The unique aspect of seeing surface temperature variances is that such variances can be caused by issues that may lie below the surface of a floor, behind a wall, or above a ceiling – places that are “out of sight” and are thus out-of-mind. Also, surface temperature variances can be caused by airflow such as cold air seeping under a door or warm air leaking from central air ducts. The air itself changes the surface temperature of objects that come in contact with the air.
As human beings, we are limited to seeing light only in the visible spectrum called white light. This is the light that bounces off everyday objects whether that light is being emitted by our Sun or an artificial source such as a light bulb. Without assistance from technology, we are unable to see surface temperature variances, and it is the ability to see these variances that allows us to more-accurately identify potential, and immediate, problems in your home that would have otherwise been missed.



Thermal imaging can detect electrical issues where any component in the circuit may be failing or improperly installed or deteriorated.  Electrical defects are a common cause of house fires and are often the result of older wiring deteriorating or new electrical work that was not done properly. Even hanging a picture can cause electrical issues.

The electrical system can also be evaluated with Infrared Technology.  In this picture the circuit breaker is reading as elevated compared to the surrounding items.  With further investigation it was found to be a 15 amp breaker connected to a newly installed blower motor that was rated for 20 amps. Without Thermal Imaging this would have probably been undetected.

10 Ways to Reduce Your Summer Utility Bills

Before the summer heat—and summertime utility bill—starts to make you sweat, you might want to consider making a few changes to cut your energy consumption. You can shave dollars off your monthly bills without sacrificing comfort as long as you plan ahead and get creative. Here’s a room-by-room guide to saving money this summer—and benefiting the Earth at the same time.

In the basement: Geoff Godwin, division vice president of Emerson, the country’s largest provider of heating and cooling systems, says cleaning air conditioning filters  every month and getting your system checked by a professional once a year will ensure that it’s functioning as efficiently and inexpensively as possible. “A lot of people don’t do that—they ignore the AC systemuntil something goes wrong,” he says, then they end up buying an entirely new unit instead of making minor fixes.

If you need a new air conditioner, an energy efficient one might be eligible for a tax credit (check at When you’re shopping around, look for a unit with a seasonal energy efficiency ratio of 16 to 21, the highest level of efficiency. Another option is a geothermal heating and cooling system, which utilizes pipes running from the more stable, ambient temperatures found five feet underground year-round into your home, where they pump heat in or out, depending on the season.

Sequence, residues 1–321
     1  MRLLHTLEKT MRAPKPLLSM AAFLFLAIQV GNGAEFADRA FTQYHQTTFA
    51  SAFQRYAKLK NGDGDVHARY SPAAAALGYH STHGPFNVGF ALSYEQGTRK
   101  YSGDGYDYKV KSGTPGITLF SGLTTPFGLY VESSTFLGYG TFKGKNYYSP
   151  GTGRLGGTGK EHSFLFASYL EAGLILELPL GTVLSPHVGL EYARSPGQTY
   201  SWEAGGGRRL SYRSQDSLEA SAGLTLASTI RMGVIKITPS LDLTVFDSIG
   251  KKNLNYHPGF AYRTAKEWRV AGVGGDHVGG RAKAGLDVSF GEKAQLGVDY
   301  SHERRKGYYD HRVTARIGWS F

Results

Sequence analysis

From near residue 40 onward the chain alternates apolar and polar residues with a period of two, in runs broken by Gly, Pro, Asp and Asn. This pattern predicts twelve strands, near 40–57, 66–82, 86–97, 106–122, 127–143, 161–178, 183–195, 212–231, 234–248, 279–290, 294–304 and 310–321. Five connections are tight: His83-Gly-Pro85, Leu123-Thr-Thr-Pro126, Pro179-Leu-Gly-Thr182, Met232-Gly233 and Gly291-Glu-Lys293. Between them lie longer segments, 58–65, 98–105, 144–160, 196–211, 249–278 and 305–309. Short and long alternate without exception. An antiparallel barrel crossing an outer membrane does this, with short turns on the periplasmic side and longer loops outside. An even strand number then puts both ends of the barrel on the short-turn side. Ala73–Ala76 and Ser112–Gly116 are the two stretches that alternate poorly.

[Slide Show: 10 Ways to Reduce Your Summer Utility Bills.]

Throughout the house: “Make sure your house is leak-free,” says Alliance to Save Energy spokeswoman Ronnie Kweller, or else “nice, cold, expensive air is going out the cracks.” You might want to consider assigning this task to a professional. Through the Energy Star online directory, you can find a local auditor who will use diagnostic equipment to test your home for areas where air conditioning might escape. Your auditor will probably do what’s known as a blower door test, which lowers the air pressure in your home and reveals leaks. He or she may also take a photo of your house with a thermographic camera, with the red areas of the photo indicating where better insulation and sealing are needed.

If you don’t want to shell out money for an energy auditor, you can perform a casual energy audit yourself. Efficiency experts recommend feeling around baseboards, windows, doors, light switches, and electrical sockets for air leaks. Air can escape or enter anywhere that two different building materials meet. Kweller also recommends walking around your house with incense to see if the smoke blows in when you pass windows. Kweller says old, wooden windows are especially prone to this kind of leakage

If you find problem areas, seal it with foam or caulking, which you can find at the hardware store. Insulation that meets certain efficiency criteria is also eligible for the federal tax credits. Kweller says properly sealing your house can save up to 20 percent on your utility bill.

Using a programmable thermostat so that the temperature automatically rises when no one is home during the day can yield annual savings of about 30 percent, says Godwin, with much of the savings in the summer, since air conditioning runs with electricity. While some 25 million households own programmable thermostats, only half of those people take advantage of them, says Godwin.